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[email protected] April 18th 06 06:02 AM

Speed and Fuel Consumption Curve
 
Just finished a *long* article about a very nice new boat.

Here's an interesting study in fuel efficiency from last Friday's test
run.

50-foot boat, 50,000 pound displacement when fully laden. (We ran the
test light ship),
525 HP single John Deere 6125AFM. 40X 32 prop.


700 rpm. 5.5 knots, 1.4 gph. (better than 3 nmpg)

1050 rpm. 8 knots, 3.5 gph. (still better than 2 nmpg)

1200 rpm. 8.7 knots, 5 gph.

NOTE: Fuel consumption increased roughly 40 percent between 8 knots and
8.7 knots, accomplishing less than a 10% increase in SOG.

********
1375 rpm. 9 knots, 7.4 gph

Note: Fuel consumption increased roughly 50% to achieve about a 4-5%
increase in SOG

******
1500 rpm. 10.2 knots, 10 gph (roughly 1 nmpg)

Note: Fuel consuption about 35-40% higher than at 1375 rpm, but better
than a 10% increase in SOG

******

1700 rpm, 11 knots, 14 gph.

Note: once again about a 40% increase in fuel burn to realize less than
a 10% increase in speed.

**********

2150 rpm, WOT, 14.6 knots, 27 gph,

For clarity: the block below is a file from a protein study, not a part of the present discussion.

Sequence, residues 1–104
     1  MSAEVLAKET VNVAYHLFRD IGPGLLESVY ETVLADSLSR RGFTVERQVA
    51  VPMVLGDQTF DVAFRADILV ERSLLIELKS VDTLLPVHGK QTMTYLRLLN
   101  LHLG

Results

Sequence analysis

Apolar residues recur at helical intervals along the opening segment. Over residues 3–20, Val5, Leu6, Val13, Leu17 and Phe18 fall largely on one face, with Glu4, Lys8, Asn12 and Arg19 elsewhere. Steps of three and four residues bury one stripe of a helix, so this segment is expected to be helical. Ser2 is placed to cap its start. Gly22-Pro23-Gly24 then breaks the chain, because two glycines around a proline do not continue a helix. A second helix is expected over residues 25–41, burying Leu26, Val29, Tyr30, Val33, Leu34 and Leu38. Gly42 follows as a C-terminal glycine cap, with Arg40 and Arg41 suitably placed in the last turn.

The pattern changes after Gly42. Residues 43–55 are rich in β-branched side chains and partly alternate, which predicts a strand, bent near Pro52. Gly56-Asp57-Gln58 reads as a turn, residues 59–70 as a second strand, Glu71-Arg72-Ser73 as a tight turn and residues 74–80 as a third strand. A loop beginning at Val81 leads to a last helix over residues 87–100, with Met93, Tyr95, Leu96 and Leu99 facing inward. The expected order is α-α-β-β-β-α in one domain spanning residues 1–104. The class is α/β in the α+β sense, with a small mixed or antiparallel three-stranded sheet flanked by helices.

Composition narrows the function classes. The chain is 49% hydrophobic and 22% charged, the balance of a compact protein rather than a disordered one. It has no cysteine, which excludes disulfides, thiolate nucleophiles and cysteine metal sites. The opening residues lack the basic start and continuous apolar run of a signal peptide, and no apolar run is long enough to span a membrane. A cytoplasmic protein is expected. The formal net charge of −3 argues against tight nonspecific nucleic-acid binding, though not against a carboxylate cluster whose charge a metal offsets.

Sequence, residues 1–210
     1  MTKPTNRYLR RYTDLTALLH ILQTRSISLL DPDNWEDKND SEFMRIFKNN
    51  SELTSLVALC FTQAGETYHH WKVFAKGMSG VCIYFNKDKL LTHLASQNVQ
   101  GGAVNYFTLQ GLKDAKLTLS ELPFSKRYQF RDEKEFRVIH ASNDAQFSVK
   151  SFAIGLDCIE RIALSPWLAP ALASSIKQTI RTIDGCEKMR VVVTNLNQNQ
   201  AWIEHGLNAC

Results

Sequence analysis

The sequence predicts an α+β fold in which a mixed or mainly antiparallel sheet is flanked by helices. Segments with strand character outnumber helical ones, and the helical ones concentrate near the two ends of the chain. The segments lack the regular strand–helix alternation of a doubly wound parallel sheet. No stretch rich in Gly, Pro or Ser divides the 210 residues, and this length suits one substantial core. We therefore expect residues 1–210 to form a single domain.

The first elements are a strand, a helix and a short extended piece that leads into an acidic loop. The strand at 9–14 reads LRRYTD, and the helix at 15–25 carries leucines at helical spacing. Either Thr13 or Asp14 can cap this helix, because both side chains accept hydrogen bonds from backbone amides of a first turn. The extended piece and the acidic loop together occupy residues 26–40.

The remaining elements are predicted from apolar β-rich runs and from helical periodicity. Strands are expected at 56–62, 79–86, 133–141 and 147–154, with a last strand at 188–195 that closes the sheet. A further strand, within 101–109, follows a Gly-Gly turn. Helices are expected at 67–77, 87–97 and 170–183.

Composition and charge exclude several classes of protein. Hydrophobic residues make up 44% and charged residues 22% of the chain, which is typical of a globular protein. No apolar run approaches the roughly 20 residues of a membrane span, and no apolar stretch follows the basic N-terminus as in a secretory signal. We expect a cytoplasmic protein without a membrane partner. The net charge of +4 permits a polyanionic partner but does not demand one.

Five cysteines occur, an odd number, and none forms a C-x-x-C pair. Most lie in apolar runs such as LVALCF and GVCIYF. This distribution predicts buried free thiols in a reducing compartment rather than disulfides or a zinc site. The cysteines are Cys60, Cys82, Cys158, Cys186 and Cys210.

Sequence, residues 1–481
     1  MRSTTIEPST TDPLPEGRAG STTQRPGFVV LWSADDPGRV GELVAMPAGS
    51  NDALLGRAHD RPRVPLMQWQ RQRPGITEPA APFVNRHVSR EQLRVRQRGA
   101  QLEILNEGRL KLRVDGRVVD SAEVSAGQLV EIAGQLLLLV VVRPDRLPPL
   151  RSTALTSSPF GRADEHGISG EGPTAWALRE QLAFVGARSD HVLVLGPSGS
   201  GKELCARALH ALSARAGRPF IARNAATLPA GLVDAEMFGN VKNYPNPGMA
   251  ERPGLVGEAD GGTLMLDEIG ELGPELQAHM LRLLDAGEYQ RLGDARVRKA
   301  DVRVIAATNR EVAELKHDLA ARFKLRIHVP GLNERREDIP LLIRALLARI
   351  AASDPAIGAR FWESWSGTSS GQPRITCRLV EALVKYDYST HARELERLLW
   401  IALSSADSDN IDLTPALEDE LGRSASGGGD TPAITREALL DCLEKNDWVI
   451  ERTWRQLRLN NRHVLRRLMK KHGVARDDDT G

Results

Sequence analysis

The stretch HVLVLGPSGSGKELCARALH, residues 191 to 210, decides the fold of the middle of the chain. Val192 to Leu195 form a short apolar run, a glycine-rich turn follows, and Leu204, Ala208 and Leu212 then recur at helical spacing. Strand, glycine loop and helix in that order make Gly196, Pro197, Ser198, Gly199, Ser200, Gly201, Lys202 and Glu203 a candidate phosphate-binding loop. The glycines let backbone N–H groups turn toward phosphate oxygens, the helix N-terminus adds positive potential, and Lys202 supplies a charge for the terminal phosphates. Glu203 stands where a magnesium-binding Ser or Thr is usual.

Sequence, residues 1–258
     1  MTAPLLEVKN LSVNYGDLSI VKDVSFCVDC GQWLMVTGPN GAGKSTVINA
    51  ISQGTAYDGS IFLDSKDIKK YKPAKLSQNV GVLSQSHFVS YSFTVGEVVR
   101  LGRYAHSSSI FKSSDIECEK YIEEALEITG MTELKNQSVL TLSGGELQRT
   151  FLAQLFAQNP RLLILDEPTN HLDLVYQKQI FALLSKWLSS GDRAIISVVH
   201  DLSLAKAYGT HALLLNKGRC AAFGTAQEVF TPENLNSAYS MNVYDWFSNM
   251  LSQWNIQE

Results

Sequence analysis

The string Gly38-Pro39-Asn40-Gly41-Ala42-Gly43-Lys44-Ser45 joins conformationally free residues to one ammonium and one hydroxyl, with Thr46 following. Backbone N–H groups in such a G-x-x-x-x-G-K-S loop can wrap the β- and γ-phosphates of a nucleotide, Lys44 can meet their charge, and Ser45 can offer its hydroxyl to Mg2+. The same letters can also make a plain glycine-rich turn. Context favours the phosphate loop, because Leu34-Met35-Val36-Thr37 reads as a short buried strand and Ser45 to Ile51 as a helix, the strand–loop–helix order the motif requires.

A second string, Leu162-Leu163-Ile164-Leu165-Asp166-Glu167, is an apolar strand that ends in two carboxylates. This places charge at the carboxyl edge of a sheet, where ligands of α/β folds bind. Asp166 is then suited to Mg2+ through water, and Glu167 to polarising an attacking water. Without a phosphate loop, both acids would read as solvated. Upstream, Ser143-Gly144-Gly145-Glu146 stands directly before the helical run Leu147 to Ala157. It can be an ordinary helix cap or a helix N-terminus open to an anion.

Note: Almost 100% increase in fuel consumption from a 1700 rpm cruise,
but only about a 33% increase in SOG


[email protected] April 18th 06 08:18 PM

Speed and Fuel Consumption Curve
 

wrote:
Just finished a *long* article about a very nice new boat.

Here's an interesting study in fuel efficiency from last Friday's test
run.

50-foot boat, 50,000 pound displacement when fully laden. (We ran the
test light ship),
525 HP single John Deere 6125AFM. 40X 32 prop.


700 rpm. 5.5 knots, 1.4 gph. (better than 3 nmpg)

1050 rpm. 8 knots, 3.5 gph. (still better than 2 nmpg)

1200 rpm. 8.7 knots, 5 gph.

NOTE: Fuel consumption increased roughly 40 percent between 8 knots and
8.7 knots, accomplishing less than a 10% increase in SOG.

********
1375 rpm. 9 knots, 7.4 gph

Note: Fuel consumption increased roughly 50% to achieve about a 4-5%
increase in SOG

******
1500 rpm. 10.2 knots, 10 gph (roughly 1 nmpg)

Note: Fuel consuption about 35-40% higher than at 1375 rpm, but better
than a 10% increase in SOG

******

1700 rpm, 11 knots, 14 gph.

Note: once again about a 40% increase in fuel burn to realize less than
a 10% increase in speed.

**********

2150 rpm, WOT, 14.6 knots, 27 gph,

Note: Almost 100% increase in fuel consumption from a 1700 rpm cruise,
but only about a 33% increase in SOG



thats some pretty interesting findings, Chuck

My brother wonders why I don't max. out my little 4 cyl. Chris Craft. I
usually run it at 31-3200 RPM Plane speed +. Instead of WFO at
4-4200.

For the wear and tear, and fuel consumption, you really don't gain a
whole lot. The performance doesn't outweigh the benefit of over all
economy.

Tim


Jim Donohue April 19th 06 03:37 AM

Speed and Fuel Consumption Curve
 

wrote in message
oups.com...
Just finished a *long* article about a very nice new boat.

Here's an interesting study in fuel efficiency from last Friday's test
run.

50-foot boat, 50,000 pound displacement when fully laden. (We ran the
test light ship),
525 HP single John Deere 6125AFM. 40X 32 prop.